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Social Work in an Online World
A Guide to Digital Practice
David A. Wilkerson and Liam O’Sullivan, Editors
ISBN: 978-0-87101-584-6. 2023. Item #5846. 242 pages.
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Earn 6.0 CEUs for reading this title! For more information, visit the Social Work Online CE Institute.

Prior to 2020, the field of social work was limited in its adoption of digital practice. However, with the onset of the COVID-19 pandemic, traditional, in-person service delivery was dramatically interrupted. Previously at a crossroads, the field is now experiencing a seemingly unstoppable shift toward modern technology-mediated forms of delivery.

Social Work in an Online World addresses this shift and charts the changing landscape from analog to digital practice in varied client systems, system needs, and system levels (micro, mezzo, and macro). Going beyond online mental health service, which is largely individually focused and synchronously delivered, the authors offer a map of digital social work practice that can be expanded to include support, identity, community action, education, and psychoeducation.

Contributors provide a comprehensive tour of digital social work practice that covers individual, group, and macro work in a variety of settings using accessible theory and real-world examples that provide valuable insights and reflections about the strengths and limitations of their approaches. In addition, the book places special emphasis on digital equity and data justice, highlighting the core social work value of social justice.

Social Work in an Online World demonstrates that the shift to hybrid and digital practice is moving forward, largely positively, for social workers and for those they seek to serve. Readers wishing to adopt digital practices will be inspired by this groundbreaking guide to apply these standards in their own practice and applications.
Introduction: Mapping Social Work Practice in an Online World
David A. Wilkerson and Liam O’Sullivan

Chapter 1: Harnessing Technology for Social Justice: Radical Approaches
to Digitally Revolutionize Social Work
Kristin Funk and Dale Fitch

Chapter 2: A Team-Based Approach to Moderating Online Support Groups
Liam O’Sullivan and David A. Wilkerson

Chapter 3: Best Practices in Technology-Based Supports in Working with Children, Adolescents, and Families
Susan Elswick, Christy Peterson, Gregory Washington, and Ebony Barnes

Chapter 4: Advancing Data Justice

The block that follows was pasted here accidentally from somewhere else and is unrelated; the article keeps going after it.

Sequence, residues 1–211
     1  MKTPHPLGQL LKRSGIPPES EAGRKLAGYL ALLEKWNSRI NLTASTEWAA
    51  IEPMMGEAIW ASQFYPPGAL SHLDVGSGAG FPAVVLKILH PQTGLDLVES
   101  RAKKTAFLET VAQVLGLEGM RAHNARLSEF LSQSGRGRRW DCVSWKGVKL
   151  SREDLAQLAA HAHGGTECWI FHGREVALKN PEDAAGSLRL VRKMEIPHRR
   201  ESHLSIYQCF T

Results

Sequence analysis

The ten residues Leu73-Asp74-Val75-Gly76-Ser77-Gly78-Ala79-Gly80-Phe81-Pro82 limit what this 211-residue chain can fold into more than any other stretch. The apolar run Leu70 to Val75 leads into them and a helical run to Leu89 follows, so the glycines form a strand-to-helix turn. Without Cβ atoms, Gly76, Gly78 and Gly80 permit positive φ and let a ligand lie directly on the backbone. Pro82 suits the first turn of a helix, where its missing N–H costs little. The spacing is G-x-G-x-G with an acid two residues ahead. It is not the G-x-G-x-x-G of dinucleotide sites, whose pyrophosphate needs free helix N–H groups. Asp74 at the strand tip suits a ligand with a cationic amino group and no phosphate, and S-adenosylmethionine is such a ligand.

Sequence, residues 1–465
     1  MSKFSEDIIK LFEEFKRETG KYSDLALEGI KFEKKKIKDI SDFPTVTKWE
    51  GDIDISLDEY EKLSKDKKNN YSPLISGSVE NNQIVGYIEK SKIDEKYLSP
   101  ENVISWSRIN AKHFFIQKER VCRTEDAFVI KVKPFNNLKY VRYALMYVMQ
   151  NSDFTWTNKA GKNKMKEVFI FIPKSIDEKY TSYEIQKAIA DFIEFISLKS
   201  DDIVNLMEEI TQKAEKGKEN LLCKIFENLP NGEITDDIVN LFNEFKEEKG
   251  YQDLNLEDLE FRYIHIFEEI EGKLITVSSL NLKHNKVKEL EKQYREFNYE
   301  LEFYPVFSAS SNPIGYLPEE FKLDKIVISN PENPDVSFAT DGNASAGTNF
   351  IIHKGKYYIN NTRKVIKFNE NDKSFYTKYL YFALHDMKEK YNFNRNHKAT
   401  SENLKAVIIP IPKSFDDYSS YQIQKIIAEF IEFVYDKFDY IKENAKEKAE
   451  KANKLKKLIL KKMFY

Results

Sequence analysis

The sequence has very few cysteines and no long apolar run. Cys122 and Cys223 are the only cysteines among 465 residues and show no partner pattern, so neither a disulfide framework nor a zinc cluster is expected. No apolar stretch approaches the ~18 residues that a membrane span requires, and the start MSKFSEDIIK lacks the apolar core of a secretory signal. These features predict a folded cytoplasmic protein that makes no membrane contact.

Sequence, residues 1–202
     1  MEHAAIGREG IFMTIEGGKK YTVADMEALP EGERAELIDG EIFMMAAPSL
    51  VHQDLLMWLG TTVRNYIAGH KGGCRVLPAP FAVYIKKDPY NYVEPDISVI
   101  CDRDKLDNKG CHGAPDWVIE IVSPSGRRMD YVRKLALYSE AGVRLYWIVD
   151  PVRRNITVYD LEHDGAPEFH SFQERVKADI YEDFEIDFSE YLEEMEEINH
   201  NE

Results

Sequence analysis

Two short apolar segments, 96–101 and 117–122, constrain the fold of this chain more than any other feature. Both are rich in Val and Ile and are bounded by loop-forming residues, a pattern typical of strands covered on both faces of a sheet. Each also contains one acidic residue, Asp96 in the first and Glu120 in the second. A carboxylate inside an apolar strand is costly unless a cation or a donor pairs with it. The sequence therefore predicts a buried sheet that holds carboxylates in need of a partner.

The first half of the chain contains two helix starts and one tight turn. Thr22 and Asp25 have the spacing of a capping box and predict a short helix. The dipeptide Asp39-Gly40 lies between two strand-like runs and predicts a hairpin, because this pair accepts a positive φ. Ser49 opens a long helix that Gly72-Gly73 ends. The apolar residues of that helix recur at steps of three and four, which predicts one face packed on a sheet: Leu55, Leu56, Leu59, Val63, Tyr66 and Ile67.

Neil Ballantyne

Chapter 5: Online Opportunities for Community Action: Social Media as a Vehicle for Social Justice
Kerry Cuskelly and Imelda Ojeda

Chapter 6: The Power of Online Synchronous Cognitive–Behavioral Group Intervention: A Get S-M-A-R-T Illustration
Virgil L. Gregory, Jr., and Lisa Werth

Chapter 7: Bridging Education and Practice with e-OSCE Simulations
Samantha Wolfe-Taylor, Khadija Khaja, and Christian Deck

Chapter 8: Creating a Digital School Safety Service: A Pathway from Traditional Analog to Digital Practice
James R. Brown and John M. Keesler

Chapter 9: Digital Hybrid Psychoeducation: Model Development and Case Illustration
David A. Wilkerson

About the Editors
About the Contributors
David A. Wilkerson, PhD, MSW, is an associate professor and director of the Office of e-Social Work Education and Practice at Indiana University School of Social Work in Indianapolis. His practice experience with youth and families in the field of mental health led to his research interest in digital social work education and practice. His work addresses a gap in intervention designs, enabling peer support to develop and contribute to the outcomes of online psychoeducation interventions. He has applied these interests in research with caregivers of behaviorally challenging adolescents and caregivers of persons with dementia. His contributions to the scholarship of teaching and learning have also focused on digital practice and include student decision making in the matter of adoption of telepractice and continuing education in telepractice basics for practitioners responding to COVID-19. In another application of digital practice, he is participating in the development of a state-funded, university–community collaboration to provide rural library patrons with accessible online well-being resources and support.

Liam O’Sullivan, MA, NQSW, is the executive director of Care Alliance Ireland, an award-winning alliance of more than 95 nonprofit organizations supporting family caregivers in the Republic of Ireland. He earned his social work qualification in 1998 from Trinity College Dublin and has worked in statutory social work and in several nonprofit organizations. His work with Care Alliance since 2004 has included bringing National Carers Week to Ireland, developing collaborative and impactful relationships with third-level institutions in family caregiver research, and establishing an online family caregiver support group that engages and supports thousands. He has been actively involved in the international family caregivers’ movement, initially with the establishment of Eurocarers and, more recently, as a trustee of the International Alliance of Carer Organizations. He has additional qualifications in youth and community studies; social research methods; and, most recently, implementation science. He has a particular interest in good governance and in bridging the gap between research policy and practice.
Neil Ballentyne, MPhil, is principal lecturer in social work at Te Pūkenga, the New Zealand Institute of Skills and Technology, where he teaches in a blended learning social work program. He is also a doctoral candidate at the University of Otago, working on a thesis on the datafication of social welfare and the rise of the international movement for data justice.